Albany Unchained Weekend attracts 500 bicyclists

May 18, 2015

By Jim West, Albany Herald

ALBANY — The downtown Albany Unchained Bike Race Weekend officially got rolling Saturday with about 500 cyclists from across the country turning out for early time trials and races throughout the day.

While this is the 11th year Albany has hosted the event, it’s only the third year of affiliation with the Southeast Regional Series, serving as the second of four legs in which riders compete in four states in four months.

“It’s a great day for a race,” said Rashelle Beasley, director of the Albany Convention and Visitors Bureau, the main sponsor for the event. “It’s nearly noon and we’ve finished category five, which went really really well. We’re well above our registration goal and riders are still coming. They can register right up to the time of their race.”

#On Saturday, cyclists rode west on Pine Ave. from near The Albany Herald building, took a left on Jackson Street then two more lefts on road Avenue and Front Street to complete a circuit back to Pine. The races, known as criterium, began at 11 a.m. with the final race launching around 5:20 p.m.

Both the Saturday races and the longer distance road races in Lee County on Sunday feature separate competition categories, or “cats,” based on gender, age and skill level.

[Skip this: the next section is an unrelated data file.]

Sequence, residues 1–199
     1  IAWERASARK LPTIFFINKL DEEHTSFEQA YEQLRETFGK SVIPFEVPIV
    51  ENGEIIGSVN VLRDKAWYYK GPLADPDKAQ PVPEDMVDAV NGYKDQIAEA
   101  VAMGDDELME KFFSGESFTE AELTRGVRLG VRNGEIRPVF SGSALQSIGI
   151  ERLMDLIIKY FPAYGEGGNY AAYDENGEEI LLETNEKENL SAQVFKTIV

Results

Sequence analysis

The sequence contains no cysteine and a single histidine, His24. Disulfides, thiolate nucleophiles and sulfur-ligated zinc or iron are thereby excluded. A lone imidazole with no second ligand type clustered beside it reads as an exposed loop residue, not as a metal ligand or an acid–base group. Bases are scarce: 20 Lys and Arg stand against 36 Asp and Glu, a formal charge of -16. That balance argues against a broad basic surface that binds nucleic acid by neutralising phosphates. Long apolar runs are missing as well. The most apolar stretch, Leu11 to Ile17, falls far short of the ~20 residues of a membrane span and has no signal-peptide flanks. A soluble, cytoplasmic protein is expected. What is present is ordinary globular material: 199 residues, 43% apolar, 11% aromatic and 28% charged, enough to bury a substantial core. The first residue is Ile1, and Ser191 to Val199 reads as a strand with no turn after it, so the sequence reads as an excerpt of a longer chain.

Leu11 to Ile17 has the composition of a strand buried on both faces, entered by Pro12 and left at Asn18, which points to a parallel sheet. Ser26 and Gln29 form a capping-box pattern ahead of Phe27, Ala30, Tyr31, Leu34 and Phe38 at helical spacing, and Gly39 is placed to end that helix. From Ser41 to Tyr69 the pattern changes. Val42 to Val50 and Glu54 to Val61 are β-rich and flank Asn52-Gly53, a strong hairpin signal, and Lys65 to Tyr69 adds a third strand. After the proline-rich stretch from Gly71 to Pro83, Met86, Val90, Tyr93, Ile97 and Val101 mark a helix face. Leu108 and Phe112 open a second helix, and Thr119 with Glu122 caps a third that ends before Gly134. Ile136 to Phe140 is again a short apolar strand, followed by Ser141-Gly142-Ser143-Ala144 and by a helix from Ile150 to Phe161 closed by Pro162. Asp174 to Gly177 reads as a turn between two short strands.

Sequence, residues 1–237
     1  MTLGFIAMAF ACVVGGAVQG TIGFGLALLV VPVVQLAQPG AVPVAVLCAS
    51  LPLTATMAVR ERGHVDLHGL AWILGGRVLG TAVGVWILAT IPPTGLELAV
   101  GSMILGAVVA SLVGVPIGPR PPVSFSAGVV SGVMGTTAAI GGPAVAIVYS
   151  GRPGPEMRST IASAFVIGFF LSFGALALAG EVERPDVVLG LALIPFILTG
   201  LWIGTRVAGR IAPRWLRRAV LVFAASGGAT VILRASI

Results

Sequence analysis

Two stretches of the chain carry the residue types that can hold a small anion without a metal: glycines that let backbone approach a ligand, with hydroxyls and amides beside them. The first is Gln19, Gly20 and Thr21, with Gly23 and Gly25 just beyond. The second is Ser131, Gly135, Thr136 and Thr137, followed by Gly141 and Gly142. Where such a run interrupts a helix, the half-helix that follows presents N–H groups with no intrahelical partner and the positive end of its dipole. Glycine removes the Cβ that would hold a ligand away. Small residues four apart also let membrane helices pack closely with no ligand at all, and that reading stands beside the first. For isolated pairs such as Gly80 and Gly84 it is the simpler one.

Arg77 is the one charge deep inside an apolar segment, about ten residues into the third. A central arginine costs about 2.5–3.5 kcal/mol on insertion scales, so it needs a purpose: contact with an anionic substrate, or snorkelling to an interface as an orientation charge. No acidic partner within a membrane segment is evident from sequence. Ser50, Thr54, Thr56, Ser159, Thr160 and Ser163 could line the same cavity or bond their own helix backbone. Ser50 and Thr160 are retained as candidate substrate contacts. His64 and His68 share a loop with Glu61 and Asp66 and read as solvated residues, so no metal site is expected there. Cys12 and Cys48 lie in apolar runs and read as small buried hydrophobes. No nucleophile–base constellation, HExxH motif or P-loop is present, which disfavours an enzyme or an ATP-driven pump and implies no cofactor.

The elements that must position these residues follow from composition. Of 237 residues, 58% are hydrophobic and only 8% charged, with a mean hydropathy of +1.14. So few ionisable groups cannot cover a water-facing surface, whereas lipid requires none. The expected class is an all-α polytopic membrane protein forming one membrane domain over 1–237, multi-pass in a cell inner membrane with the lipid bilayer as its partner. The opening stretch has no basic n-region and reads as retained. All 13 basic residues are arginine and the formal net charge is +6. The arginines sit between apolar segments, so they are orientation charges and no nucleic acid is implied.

Kenny Gilead made the trip from Atlanta to see what Albany Unchained was all about.

“I heard last year that the course is great and decided to come down and experience it for myself,” Gilead said. “As long I don’t crash out on my bike, I’ll feel like I’ve won.”

Rachel McKinnon, a professor at College of Charleston, won her first 3-4 criterium and planned to compete in the road race on Sunday. Her first love was competitive badminton, she said, which is popular in Canada, where she lived. When she moved south, she settled on cycling as her new sport.

“The is just a great race,” McKinnon said. “It’s big and in a gorgeous city. It’s also well-managed and organized. Fantastic.”

Nate Hatfield, a Marine who lives in Leesburg, was back for his third Albany race, but had to settle for a bit less than what he’d hoped.

“I got into a bike wreck while I was warming up and now I have a partial separation in my shoulder,” Hatfield said. “With the criterium, we ride in a circuit, so there’s a lot of in and out of the saddle type of thing, and pulling the bike back and forth. I can’t risk having a full separation of my shoulder.”

Hatfield said he planned to compete in the road race in Lee County Sunday, where he wouldn’t have to work his shoulders much.

“My doctor doesn’t want me to do this one either,” Hatfield said. “But I’m going to do it anyway.”

According to Kristen Schuette, marketing and communications manager for the CVB, last year’s race made a economic impact of around $109,000 on the city.

“The bike race is another way for us to showcase Albany by bringing an event here,” Schuette said last week. “Most of those cyclists would probably never come here. And while they’re here, they’re staying in our hotels and spending money in our restaurants and stores.”

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